Thursday, February 3, 2011

Chevalier Jackson

Moments after I blogged about the disorder pica and the Chevalier Jackson Collection of swallowed objects at the Mütter Museum in Philadelphia (2,000 ingested items organized in shallow drawers), I was contacted by follower Lisa Wood, a gifted artist who collaged a series of plates based on the case histories keyed to that very collection (for instance, 17-month-old Ned Mumford, who swallowed a safety pin, 1st image). Not only that, her friend was writing a book on the same subject! The book - Swallow: Foreign Bodies, Their Ingestion, Inspiration, and the Curious Doctor Who Extracted Them by Mary Cappello - has since been published. I reviewed it and found it fascinating. The doctor in question is American laryngologist Chevalier (or as one young patient remembered him decades later, "Chevrolet") Jackson (2nd image), and curious he was. Curious, too, were 2 coincidences that occurred to me while preparing the review. 1st) I mentioned what I was doing to my Mom and she had just read the passage in the novel Freedom in which one of the characters accidentally swallows his wedding ring, and 2nd) I sent a copy of the unpublished review to my nonagenarian friend Anne and she called to tell me that in 1943, her 9-month son contracted pneumonia and in an attempt to save him (which they were unfortunately unable to do), the Philadelphia doctor was among the first to use a tracheal tube designed by Dr. Jackson (3rd image) on an infant! She said she could never forget that name.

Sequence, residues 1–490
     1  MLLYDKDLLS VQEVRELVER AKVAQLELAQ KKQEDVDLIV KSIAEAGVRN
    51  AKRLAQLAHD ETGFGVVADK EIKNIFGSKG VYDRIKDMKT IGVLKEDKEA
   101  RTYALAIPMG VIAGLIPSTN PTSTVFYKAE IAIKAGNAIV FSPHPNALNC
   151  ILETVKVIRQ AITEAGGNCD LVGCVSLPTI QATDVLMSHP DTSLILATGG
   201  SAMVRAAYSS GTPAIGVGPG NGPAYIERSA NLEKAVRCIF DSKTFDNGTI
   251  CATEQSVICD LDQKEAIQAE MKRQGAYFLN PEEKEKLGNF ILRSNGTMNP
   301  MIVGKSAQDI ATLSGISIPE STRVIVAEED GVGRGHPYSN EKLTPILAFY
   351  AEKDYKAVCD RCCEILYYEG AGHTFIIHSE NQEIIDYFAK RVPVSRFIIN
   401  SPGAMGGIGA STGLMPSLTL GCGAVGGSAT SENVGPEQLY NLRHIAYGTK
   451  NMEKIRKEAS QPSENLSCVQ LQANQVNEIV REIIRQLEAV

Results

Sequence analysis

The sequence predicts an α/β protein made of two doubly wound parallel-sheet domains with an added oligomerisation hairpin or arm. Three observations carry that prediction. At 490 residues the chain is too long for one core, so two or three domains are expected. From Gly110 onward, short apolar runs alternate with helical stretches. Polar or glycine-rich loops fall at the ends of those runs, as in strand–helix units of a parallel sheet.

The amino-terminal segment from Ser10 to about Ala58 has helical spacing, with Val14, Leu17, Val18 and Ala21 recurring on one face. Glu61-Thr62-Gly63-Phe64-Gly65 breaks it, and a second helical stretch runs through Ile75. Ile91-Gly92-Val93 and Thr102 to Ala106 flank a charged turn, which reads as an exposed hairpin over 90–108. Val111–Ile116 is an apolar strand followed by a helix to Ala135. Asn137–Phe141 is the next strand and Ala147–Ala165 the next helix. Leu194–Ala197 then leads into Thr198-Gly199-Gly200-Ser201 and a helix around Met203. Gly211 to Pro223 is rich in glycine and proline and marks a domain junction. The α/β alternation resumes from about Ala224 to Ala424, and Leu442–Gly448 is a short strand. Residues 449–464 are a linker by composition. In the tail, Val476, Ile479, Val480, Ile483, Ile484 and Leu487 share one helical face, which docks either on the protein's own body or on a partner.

I leave you with the following weird news story:
A 52-year-old Dutch woman named Margaret Daalman sought medical attention for a stomach ache. When her X-ray (4th image) showed 78 different items of cutlery inside, she was rushed into surgery. "She seems to have been suffering from some sort of obsession and every time she sat down for a meal she would ignore the food and eat the cutlery," said one medic. After the removal of dozens of forks and spoons (no knives), Daalman made a full recovery - again. It was not the 1st time she had been treated for eating the silverware....This 30-year-old case of pica came to light in 2009. At the time, the doctors in Rotterdam said they had never heard of anyone consuming as many foreign objects.

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